Despite some successes, important market access barriers still persist for European companies. Many of the more significant barriers concern local content requirements, which mandate that a certain percentage of input from local sources must be used in a production process or must be used to be eligible for government support, such as in renewable energy projects. It is reported that these measures are most common in emerging countries (eg, China, India and Brazil). The commission states that these will be "forcefully" addressed with the respective trading partners.

Russia – a special case

In the 2014 report, the commission gave special attention to market access problems faced by European companies in Russia. Many of the barriers stem from Russia's alleged failure to implement fully its WTO commitments (to which it acceded in August 2012). For example, the commission notes that:

  • Russia has incorrectly implemented its WTO-bound import tariffs on more than 150 products – including meat, garments, refrigerators, used vehicles, car bodies, paper and international technology products.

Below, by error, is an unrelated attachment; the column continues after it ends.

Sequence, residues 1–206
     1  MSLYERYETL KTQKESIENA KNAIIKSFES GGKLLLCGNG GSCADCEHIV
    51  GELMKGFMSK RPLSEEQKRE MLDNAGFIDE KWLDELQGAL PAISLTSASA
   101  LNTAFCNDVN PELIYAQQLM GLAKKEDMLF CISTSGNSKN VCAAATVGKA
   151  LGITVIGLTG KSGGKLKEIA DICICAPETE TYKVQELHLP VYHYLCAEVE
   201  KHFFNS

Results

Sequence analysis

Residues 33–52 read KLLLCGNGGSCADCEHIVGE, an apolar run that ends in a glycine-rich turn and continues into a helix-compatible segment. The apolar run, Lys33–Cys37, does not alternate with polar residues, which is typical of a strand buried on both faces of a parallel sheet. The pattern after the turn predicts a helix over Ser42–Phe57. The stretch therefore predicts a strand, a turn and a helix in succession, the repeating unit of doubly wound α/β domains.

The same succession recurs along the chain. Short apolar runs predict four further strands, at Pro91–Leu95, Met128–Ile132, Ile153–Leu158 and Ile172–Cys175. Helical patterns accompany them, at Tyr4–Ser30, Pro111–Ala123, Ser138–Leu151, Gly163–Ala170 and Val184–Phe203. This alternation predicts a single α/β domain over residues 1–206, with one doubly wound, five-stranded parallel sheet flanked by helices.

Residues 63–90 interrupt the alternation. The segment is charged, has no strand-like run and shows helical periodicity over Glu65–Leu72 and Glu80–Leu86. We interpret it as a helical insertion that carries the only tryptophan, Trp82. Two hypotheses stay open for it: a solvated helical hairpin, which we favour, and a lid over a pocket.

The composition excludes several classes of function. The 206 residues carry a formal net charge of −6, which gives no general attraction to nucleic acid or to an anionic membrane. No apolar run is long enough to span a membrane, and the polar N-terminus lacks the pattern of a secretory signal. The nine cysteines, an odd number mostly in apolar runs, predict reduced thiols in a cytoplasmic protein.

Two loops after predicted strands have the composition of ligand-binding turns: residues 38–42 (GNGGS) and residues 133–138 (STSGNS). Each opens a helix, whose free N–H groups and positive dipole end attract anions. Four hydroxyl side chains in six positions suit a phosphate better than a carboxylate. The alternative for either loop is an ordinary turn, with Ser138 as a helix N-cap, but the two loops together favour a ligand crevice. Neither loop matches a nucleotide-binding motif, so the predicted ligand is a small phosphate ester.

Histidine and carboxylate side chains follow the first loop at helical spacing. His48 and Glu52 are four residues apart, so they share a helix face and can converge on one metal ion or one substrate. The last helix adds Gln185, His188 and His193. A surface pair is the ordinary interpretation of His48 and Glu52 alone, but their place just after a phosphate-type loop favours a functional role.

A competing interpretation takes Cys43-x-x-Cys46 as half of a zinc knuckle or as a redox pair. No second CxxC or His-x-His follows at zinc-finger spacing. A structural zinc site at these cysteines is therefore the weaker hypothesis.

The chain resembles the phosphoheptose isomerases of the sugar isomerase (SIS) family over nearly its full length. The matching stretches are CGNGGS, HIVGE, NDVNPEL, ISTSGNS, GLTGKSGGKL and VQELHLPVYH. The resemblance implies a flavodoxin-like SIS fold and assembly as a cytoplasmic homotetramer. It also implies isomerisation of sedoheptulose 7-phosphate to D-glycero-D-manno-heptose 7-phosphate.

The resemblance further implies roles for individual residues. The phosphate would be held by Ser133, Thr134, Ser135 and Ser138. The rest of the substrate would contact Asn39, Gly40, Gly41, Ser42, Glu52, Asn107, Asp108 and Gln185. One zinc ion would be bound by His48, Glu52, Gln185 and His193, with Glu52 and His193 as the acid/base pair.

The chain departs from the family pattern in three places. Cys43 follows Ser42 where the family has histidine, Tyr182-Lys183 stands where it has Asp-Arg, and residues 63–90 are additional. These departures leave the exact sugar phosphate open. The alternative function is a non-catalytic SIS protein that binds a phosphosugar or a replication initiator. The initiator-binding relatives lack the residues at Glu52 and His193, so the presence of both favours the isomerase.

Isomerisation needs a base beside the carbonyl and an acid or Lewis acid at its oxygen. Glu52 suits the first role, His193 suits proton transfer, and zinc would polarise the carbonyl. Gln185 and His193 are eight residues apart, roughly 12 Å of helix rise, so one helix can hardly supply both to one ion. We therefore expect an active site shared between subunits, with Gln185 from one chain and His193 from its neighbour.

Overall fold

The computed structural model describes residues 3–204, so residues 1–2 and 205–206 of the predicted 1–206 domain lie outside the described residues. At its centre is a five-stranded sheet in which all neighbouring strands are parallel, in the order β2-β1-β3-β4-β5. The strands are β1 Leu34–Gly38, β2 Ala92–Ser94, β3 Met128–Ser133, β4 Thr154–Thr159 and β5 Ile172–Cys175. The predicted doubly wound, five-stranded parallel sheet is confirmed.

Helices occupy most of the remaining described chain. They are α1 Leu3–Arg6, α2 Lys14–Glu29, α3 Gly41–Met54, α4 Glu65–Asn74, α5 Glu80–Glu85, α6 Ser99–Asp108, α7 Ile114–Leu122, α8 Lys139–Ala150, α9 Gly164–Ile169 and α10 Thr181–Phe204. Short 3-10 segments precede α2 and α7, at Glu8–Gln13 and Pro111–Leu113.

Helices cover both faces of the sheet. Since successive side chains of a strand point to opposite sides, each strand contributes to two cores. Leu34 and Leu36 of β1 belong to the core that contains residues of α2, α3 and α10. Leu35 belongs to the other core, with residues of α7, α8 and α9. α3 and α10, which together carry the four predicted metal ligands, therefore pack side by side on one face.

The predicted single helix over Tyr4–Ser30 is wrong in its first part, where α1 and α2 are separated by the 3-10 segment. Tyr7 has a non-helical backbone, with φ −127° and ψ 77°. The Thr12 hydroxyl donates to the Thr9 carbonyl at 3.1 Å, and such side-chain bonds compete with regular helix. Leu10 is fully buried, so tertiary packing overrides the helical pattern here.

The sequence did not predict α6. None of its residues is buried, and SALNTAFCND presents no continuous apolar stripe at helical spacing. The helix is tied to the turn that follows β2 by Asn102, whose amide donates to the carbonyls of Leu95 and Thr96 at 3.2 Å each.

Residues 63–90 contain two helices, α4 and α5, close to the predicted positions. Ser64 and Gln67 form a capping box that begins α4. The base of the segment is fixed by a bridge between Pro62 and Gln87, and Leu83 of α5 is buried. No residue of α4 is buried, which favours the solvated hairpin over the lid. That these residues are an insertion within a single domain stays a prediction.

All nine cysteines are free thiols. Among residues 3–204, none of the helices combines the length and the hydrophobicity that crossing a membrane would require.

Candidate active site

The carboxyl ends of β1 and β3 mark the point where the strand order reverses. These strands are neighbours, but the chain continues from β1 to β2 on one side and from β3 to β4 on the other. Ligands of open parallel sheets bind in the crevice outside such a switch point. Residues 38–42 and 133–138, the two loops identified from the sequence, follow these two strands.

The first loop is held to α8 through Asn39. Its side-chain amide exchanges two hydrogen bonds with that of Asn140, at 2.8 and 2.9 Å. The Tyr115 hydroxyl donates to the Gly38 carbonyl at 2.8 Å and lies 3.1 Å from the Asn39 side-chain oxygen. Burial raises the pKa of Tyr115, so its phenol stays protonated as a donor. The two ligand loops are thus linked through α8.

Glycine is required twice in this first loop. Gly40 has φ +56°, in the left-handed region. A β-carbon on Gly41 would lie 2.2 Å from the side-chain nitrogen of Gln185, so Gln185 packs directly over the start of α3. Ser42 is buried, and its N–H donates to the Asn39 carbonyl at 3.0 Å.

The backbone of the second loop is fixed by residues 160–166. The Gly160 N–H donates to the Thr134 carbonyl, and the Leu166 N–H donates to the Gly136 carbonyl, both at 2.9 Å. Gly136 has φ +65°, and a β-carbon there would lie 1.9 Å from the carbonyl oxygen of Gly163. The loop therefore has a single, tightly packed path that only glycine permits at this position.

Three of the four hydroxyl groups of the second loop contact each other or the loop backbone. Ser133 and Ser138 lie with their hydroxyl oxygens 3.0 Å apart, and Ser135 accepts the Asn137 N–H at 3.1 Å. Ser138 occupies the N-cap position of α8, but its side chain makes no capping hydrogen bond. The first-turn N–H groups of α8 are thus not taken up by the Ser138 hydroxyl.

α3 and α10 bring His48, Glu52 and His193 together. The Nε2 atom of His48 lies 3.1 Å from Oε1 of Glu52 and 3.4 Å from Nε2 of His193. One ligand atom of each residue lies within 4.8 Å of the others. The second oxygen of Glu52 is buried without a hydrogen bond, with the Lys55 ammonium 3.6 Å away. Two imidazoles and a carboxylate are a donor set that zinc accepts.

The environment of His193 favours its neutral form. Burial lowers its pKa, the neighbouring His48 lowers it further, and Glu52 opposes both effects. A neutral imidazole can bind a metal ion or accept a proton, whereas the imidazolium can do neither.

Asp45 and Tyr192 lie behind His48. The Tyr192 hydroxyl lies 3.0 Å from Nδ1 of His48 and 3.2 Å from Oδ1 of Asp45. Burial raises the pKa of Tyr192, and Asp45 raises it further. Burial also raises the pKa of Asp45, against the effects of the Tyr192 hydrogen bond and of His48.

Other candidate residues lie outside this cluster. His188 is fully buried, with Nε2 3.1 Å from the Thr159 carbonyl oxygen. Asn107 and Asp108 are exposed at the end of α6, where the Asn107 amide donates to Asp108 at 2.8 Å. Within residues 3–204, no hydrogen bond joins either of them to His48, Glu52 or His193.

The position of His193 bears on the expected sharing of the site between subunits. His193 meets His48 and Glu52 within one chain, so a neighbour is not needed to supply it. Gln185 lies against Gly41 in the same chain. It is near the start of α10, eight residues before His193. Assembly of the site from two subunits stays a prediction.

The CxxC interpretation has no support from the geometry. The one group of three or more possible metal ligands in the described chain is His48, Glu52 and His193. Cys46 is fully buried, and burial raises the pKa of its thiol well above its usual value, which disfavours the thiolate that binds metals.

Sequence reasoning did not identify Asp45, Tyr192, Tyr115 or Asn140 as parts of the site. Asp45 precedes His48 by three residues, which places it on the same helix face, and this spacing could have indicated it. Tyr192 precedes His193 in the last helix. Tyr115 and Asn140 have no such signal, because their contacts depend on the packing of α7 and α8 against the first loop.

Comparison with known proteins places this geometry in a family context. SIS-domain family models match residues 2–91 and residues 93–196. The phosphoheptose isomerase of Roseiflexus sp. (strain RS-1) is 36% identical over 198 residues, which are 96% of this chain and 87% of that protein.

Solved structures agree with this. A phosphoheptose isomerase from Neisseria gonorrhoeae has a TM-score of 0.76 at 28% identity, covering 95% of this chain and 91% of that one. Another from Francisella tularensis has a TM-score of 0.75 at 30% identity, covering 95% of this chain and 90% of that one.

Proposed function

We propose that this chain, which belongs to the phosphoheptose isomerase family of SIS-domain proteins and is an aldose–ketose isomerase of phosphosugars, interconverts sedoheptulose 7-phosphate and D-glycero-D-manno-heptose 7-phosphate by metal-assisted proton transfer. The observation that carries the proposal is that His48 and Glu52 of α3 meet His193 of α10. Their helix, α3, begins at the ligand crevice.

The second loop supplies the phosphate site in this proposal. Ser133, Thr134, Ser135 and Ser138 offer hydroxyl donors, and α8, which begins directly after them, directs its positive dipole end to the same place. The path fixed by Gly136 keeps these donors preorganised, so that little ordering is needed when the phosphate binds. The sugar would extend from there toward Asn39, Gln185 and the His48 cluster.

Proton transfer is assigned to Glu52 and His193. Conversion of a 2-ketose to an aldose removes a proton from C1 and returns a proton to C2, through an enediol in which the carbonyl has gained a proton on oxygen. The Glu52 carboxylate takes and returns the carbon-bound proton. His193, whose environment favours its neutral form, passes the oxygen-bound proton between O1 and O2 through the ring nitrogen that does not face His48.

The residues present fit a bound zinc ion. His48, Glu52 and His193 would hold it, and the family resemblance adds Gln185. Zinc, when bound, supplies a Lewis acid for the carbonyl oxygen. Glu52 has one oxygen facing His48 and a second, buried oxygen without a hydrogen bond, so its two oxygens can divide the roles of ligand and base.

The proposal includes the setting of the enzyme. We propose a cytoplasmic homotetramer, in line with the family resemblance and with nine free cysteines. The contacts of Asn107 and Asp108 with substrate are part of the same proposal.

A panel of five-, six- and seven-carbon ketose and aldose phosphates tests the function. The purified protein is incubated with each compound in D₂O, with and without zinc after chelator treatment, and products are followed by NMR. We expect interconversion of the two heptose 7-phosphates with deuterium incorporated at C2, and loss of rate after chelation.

• Russia levies a recycling fee on imported motor vehicles, but not on domestically produced cars. In this regard, in July 2013 the European Union instituted a WTO dispute settlement procedure against Russia.
  • Russia maintains sanitary and phytosanitary measures on animal and agricultural imports that are non-transparent, discriminatory and disproportionately restrictive.
  • Russia maintains technical regulations that establish overly burdensome certification, notification and labelling requirements on a range of products (eg, consumer goods, clothing and footwear).

Comment